"Please write back to fill me in on the scandalous details and to arrange to send all of his money to my bank account here in the United States.

"Best regards,

"Jerry Zezima"

Strangely, I have not had further contact with Mr. Ahia. But I did hear from Miss Jessica Yao, an orphaned college student who has been targeted for murder by the thugs who killed her father, a wealthy cocoa merchant. They want to get their bloody hands on her father’s fortune, which is why she wishes to transfer the money, through me, to the United States. Miss Yao wrote to me, in part, as follows:

"My Dear,

"Thanks for your prompt responds and my heartily greetings to you this day. I am glad for your interest in helping me with the funds transfer and investments in your country. Please promise me that you will not betray me when my inheritance is transferred into your account. ... God bless you.

"Best wishes with love,

"Yours sincerely,

"Miss Jessica Yao"

Here is my reply:

"Dearest Jessica:

"It grieves me to read of your troubles, which have touched my heart. I was already touched in the head. You probably think I am an easy touch, which is why you have written to me.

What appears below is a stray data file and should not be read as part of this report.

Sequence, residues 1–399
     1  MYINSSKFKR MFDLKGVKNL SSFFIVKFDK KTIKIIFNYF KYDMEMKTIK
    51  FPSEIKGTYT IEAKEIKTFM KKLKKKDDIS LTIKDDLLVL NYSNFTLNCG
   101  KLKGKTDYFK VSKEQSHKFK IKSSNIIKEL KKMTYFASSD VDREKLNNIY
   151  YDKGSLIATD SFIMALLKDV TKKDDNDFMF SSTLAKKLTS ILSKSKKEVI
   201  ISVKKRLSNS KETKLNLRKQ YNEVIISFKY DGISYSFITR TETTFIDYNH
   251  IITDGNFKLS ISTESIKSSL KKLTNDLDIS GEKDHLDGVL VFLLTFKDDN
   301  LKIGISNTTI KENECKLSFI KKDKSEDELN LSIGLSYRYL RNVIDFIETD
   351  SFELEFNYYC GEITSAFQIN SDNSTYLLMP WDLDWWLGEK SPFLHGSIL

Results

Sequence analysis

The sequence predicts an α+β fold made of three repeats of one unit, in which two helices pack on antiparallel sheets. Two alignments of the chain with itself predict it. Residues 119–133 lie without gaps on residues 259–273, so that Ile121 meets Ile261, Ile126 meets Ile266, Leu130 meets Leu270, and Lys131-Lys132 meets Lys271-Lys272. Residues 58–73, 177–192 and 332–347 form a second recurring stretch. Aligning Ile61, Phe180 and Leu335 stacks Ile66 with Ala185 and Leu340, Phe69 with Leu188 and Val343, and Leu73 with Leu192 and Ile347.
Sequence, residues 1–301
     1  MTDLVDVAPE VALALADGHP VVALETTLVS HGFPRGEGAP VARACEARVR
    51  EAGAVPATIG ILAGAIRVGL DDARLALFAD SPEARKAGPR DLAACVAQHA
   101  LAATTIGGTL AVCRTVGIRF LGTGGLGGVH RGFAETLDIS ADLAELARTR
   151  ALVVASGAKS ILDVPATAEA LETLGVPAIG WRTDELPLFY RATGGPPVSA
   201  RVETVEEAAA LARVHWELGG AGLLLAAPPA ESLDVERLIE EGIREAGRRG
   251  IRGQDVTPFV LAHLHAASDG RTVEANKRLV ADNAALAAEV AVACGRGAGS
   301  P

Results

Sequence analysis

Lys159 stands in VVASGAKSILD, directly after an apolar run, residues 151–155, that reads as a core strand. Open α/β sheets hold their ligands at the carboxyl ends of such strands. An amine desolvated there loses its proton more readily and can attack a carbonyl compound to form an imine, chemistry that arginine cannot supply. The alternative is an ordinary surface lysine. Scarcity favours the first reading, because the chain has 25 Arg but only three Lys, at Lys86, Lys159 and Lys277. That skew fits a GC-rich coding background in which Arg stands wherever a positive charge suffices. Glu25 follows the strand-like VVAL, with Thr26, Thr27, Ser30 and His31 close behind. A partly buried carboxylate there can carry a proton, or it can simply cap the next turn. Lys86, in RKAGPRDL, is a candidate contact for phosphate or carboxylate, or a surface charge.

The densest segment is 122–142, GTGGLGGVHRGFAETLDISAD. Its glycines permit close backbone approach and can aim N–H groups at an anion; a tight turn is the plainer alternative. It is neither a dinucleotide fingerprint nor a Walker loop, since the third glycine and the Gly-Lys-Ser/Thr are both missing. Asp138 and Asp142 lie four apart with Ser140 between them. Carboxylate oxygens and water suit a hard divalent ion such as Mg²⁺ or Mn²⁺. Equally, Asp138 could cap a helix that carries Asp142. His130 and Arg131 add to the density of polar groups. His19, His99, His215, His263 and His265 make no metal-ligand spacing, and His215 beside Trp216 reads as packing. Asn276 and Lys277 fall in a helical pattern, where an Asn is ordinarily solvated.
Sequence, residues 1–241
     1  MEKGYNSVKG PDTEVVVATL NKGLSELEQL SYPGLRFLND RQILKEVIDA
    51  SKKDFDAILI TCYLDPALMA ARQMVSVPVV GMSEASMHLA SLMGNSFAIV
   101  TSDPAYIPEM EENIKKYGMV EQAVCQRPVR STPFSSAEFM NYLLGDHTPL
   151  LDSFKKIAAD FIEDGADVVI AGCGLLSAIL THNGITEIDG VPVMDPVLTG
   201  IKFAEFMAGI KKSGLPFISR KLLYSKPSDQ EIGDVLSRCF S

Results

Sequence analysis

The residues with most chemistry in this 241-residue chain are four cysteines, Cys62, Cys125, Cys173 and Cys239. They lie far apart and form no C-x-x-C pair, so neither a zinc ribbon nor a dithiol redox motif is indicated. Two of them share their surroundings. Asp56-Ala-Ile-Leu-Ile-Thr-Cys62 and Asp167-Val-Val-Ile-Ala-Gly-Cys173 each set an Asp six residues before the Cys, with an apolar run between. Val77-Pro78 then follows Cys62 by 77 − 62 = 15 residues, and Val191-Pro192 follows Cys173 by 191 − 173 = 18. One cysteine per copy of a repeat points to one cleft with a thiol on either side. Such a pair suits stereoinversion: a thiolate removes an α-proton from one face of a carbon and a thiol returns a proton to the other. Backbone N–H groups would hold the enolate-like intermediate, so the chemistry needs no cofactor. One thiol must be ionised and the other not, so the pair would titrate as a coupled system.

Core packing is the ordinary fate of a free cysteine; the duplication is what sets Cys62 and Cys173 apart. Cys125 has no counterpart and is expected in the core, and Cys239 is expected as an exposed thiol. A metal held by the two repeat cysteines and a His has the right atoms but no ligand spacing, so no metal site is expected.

"I am a newspaper columnist who had to take a vow of poverty when I went into journalism, so I could use the money. Your story will be of great interest to readers around the world, including, I am sure, the authorities.

"Please respond quickly, dear one, for I desire to transact with you. It will be chaste, unless you are chased, by the police, who may want to arrest you for fraud, in which case I will have the funds to bail you out. At the very least, I’ll send you a postcard from the new vacation home your money will enable me to buy. God bless you.

"Best wishes with love,

"Yours sincerely,

"Jerry Zezima"

Unfortunately, I have not had further correspondence with Miss Yao or any of the other nice people who wanted to make me rich. But I am not giving up. Maybe, with the help of our elected officials, I can get some money from AIG.

Copyright 2009 by Jerry Zezima